Blues coach not happy with late-game hit

Blues coach not happy with late-game hit

Published Apr. 19, 2013 12:16 p.m. ET

ST. LOUIS — Ken Hitchcock shot straight.

"Not happy at all," the St. Louis Blues coach said.

His team had just notched a 2-1 shootout victory over the Phoenix Coyotes (18-17-8) on Thursday night at the Scottrade center, a win that improved the Blues' record to 25-16-2.

Instead, Hitchcock was more fired up about a "dangerous play" he believed went unpenalized late in the third period, the same incident that caused him to earn a game misconduct penalty following the final horn.

Moments before Phoenix's Radim Vrbata backhanded a power-play goal past Blues' goalie Brian Elliot with 1:07 left in the game, Alex Pietrangelo was hit hard in the back by Martin Hanzal. Following the goal, a Blues' crowd of more than 17,000 erupted. But no cross-check penalty came.

"Nope," Hitchcock said when asked if he heard from the game's referees. "No explanation. I didn't wait around."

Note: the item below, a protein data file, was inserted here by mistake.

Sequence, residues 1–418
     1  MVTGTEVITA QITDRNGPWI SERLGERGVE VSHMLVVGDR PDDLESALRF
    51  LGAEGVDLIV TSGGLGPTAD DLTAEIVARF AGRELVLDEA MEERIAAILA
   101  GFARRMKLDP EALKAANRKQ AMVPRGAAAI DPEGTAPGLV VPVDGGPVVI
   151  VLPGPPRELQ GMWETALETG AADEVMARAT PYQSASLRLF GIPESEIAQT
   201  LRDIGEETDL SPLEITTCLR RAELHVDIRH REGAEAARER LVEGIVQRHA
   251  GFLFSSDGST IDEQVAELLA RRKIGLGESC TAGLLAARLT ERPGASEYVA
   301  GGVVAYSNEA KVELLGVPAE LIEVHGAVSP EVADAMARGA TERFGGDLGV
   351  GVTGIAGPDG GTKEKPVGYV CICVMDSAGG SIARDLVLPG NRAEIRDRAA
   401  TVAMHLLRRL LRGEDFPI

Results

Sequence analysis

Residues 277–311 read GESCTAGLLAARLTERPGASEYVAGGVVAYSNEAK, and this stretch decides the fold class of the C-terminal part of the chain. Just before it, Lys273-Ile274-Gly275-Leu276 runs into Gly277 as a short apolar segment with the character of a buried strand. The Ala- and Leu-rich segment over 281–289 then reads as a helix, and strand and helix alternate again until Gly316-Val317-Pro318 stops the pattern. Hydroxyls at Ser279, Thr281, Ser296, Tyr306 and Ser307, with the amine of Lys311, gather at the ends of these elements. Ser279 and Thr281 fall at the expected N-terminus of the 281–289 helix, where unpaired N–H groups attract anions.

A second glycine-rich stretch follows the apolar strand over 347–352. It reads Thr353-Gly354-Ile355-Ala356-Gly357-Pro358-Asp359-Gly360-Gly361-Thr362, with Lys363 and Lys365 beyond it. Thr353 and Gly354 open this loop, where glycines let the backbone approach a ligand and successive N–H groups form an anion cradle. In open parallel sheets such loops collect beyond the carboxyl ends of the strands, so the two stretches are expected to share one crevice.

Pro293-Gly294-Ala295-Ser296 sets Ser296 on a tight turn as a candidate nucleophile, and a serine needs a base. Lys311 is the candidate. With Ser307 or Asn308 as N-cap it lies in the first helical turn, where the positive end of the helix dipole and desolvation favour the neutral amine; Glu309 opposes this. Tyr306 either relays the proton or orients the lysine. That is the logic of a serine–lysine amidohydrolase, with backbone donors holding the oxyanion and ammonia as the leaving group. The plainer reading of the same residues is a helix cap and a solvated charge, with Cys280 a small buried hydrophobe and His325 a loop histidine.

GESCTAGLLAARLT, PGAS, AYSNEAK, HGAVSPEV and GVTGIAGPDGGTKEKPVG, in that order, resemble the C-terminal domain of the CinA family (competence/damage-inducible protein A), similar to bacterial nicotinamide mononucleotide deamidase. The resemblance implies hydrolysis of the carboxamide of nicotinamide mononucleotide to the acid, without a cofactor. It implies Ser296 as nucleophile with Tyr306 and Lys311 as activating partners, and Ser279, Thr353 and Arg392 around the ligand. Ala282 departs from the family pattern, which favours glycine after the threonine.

The goal led to a game spilling into overtime, followed by a tense shootout in which Elliot shined by stopping all three shots. The win was the second consecutive game St. Louis has claimed by shootout, but the happy ending didn't carry over to the locker room.

Pietrangelo passed on a chance to sound off on the collision.

"I knew your guys probably wanted to hear something," he said. "It wasn't our best game."

Hitchcock, however, addressed the controversial non-call head on.

"A guy almost went to the fifth row," he said. "There's no ice in the fifth row, last I looked."

The perceived missed cross check of Pietrangelo came after Blues' captain David Backes picked up a boarding penalty that led to the Coyotes' power play. Hitchcock's disagreement, however, was solely with Hanzal's blow to Pietrangelo.

"Listen," Hithcock said. "The penalty that David took, you can't take that penalty. You can't take that penalty at that time. And he knows that. But, that's not the one that bothers me. The one that bothers me is the dangerous play. We could have lost a player. Never mind they scored the goal. We could have lost a player. And that bothers me. When you're killing a penalty, you're trying to clear a puck. You're in a very vulnerable position. That one bothered me."